9th July. Today Claire asked us all for one memory of Nana – Mum’s, Uncle Russell’s and Auntie Jan’s mother. Through the day many pictures formed. Here are a few.
|Eileen as a young girl|
We (Mum, Dad and I) lived with Nana at 20 Judge Street in Opawa until I was five. I remember Nana teaching me to make drying dishes more fun by playing ‘weddings’ – lining the dried dishes up two by two in rows.
I remember savouring fruit bread toast and Nana saying with deep scorn that the bakers must have stood on the roof and dropped the sultanas in one by one.
I remember watching Nana getting into her fleshy-pink laced corsets with their long row of hooks and eyes. I loved her dressing table with its wing mirrors and drawers that contained intriguing jewellery and smelt of face powder.
I knew I had to behave because Nana was stern. She rarely smiled. Yet she loved company and in an age of ‘afternoon teas’ I remember Mrs Marshall and Mrs Massey, neighbours in Judge Street, Mrs Manning from Hawford Road, Mrs Buckley from Murray Ansley Terrace… Long before I was born Nana and Grandad had a summer house – the bungalow – and a tennis court, overlooking Richardson Terrace and the Heathcote River where my parents later built their house. Many friends and visitors stayed in the bungalow over the years.
Nana loved sweets (she had her teeth taken out when she was 21) and always had packets in the sideboard drawer. I especially liked the Irish Moss jubes.
When television first arrived in New Zealand Mrs Marshall next door had a set and Nana and I would go over to ‘watch TV’. Mrs Marshall sat by the fire, Nana next and I shivered in Siberia. Mrs Marshall used to burn rose prunings and Nana complained that only Mrs Marshall got any benefit from the fire.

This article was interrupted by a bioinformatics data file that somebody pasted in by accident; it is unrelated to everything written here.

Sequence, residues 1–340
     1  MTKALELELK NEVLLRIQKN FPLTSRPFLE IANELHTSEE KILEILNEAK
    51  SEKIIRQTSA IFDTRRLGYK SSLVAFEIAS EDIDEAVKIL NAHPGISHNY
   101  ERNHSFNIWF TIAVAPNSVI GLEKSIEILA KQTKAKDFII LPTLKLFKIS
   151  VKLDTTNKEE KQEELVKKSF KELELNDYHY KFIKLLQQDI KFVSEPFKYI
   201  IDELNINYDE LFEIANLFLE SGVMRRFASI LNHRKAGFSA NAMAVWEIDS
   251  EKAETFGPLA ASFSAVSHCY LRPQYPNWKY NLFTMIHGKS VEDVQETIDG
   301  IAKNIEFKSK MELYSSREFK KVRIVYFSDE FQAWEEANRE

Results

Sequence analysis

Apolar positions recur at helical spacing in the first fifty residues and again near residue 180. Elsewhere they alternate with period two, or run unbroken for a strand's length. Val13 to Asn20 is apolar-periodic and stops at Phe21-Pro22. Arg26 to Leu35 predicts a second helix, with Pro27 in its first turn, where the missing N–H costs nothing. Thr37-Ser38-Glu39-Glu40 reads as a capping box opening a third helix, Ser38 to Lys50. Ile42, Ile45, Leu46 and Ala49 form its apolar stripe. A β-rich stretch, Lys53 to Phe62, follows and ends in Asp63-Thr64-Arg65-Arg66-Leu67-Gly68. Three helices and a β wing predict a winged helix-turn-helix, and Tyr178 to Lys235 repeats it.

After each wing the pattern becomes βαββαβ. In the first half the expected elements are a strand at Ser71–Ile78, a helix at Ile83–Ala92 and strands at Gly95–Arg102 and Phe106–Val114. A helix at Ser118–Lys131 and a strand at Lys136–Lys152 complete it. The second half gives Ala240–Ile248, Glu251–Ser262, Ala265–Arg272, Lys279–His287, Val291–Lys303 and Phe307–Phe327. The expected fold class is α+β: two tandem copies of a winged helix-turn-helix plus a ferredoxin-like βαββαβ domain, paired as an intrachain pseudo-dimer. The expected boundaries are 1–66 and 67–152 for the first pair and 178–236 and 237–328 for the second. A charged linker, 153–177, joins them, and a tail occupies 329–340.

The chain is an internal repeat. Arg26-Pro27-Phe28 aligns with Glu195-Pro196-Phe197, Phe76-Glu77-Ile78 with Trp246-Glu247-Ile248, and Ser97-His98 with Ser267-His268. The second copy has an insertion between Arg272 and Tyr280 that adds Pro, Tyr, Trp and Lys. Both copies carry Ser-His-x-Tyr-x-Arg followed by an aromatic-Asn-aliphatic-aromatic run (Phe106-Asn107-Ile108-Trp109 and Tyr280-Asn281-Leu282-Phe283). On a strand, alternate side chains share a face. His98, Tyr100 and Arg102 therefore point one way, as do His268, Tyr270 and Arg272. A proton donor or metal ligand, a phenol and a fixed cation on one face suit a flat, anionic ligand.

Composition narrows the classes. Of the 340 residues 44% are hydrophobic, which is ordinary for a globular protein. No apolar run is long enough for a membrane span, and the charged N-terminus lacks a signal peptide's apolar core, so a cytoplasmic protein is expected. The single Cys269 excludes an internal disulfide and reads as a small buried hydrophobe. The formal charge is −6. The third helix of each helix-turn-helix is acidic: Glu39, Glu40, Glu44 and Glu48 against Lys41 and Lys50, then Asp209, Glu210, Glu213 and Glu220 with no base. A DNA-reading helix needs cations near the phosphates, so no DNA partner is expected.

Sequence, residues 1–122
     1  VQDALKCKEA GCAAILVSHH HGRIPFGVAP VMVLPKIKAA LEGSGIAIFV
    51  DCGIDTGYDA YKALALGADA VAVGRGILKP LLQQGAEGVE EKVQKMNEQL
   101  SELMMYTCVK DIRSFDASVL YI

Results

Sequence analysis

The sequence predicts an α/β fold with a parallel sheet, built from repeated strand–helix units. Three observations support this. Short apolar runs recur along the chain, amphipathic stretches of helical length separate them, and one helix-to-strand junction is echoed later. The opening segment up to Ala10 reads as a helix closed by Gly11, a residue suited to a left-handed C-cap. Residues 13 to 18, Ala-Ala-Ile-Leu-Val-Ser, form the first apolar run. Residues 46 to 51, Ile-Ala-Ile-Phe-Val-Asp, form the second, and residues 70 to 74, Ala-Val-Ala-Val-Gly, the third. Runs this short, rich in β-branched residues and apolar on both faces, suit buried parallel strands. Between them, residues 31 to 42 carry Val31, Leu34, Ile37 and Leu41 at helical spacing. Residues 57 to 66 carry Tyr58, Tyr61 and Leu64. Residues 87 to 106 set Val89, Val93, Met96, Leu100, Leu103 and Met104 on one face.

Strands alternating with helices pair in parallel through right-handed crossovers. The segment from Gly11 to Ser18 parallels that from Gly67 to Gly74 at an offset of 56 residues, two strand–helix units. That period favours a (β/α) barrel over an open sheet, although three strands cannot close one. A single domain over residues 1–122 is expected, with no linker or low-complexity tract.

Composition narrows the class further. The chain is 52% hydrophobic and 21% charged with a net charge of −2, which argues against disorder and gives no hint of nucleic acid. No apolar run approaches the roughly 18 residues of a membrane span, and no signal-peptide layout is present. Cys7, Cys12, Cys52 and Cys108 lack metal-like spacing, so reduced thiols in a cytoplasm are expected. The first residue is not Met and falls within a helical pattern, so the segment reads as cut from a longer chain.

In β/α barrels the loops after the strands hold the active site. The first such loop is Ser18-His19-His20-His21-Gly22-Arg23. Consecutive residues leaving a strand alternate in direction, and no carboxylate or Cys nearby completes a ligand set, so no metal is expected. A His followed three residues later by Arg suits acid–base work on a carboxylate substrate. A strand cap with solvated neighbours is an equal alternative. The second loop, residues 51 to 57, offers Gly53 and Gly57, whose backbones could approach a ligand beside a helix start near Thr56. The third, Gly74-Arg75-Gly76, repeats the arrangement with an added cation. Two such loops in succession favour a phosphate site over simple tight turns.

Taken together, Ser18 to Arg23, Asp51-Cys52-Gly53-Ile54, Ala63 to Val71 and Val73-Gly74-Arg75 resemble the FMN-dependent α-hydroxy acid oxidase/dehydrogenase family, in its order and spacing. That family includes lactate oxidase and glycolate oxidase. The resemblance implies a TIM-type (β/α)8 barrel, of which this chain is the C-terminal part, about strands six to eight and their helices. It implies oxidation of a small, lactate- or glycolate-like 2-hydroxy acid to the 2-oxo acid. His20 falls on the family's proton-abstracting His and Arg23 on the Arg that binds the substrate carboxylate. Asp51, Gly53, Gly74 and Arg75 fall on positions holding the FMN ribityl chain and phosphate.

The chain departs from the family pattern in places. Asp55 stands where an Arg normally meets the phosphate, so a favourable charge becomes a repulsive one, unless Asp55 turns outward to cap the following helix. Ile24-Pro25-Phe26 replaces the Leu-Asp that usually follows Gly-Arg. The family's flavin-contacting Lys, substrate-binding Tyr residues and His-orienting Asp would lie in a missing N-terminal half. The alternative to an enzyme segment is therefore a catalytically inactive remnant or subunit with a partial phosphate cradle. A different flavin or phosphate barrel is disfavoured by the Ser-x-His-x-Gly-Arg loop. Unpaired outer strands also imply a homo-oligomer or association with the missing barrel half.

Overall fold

|Nana and Grandad|
Nana had a beautiful garden. The front bank, overlooking Judge Street, had a very large copper beech tree and a Mt Fuji flowering cherry. A wisteria grew around the sun porch corner of the house, meeting up with a huge cerise pink rhododendron. Every year there were early lavender stylosis hiding out the front by the lemon tree and round the back, shy lilly-of-the-valley. Also at the back was a big walnut tree (home to a rope swing and a tree house), several varieties of apples (Cox’s Orange, Red Delicious, Sturmer, others I can’t remember…) an apricot, nectarine, gooseberries, black currants, vegetable garden and hen house. And of course the army hut, the bungalow (both somewhat past their best by my time) and a secret woodland area which eventually became our Richardson Terrace vegetable garden.
Much later, when she was an old lady, I remember Nana's eyes sparkling as Dad gave her a second sherry on Christmas Day.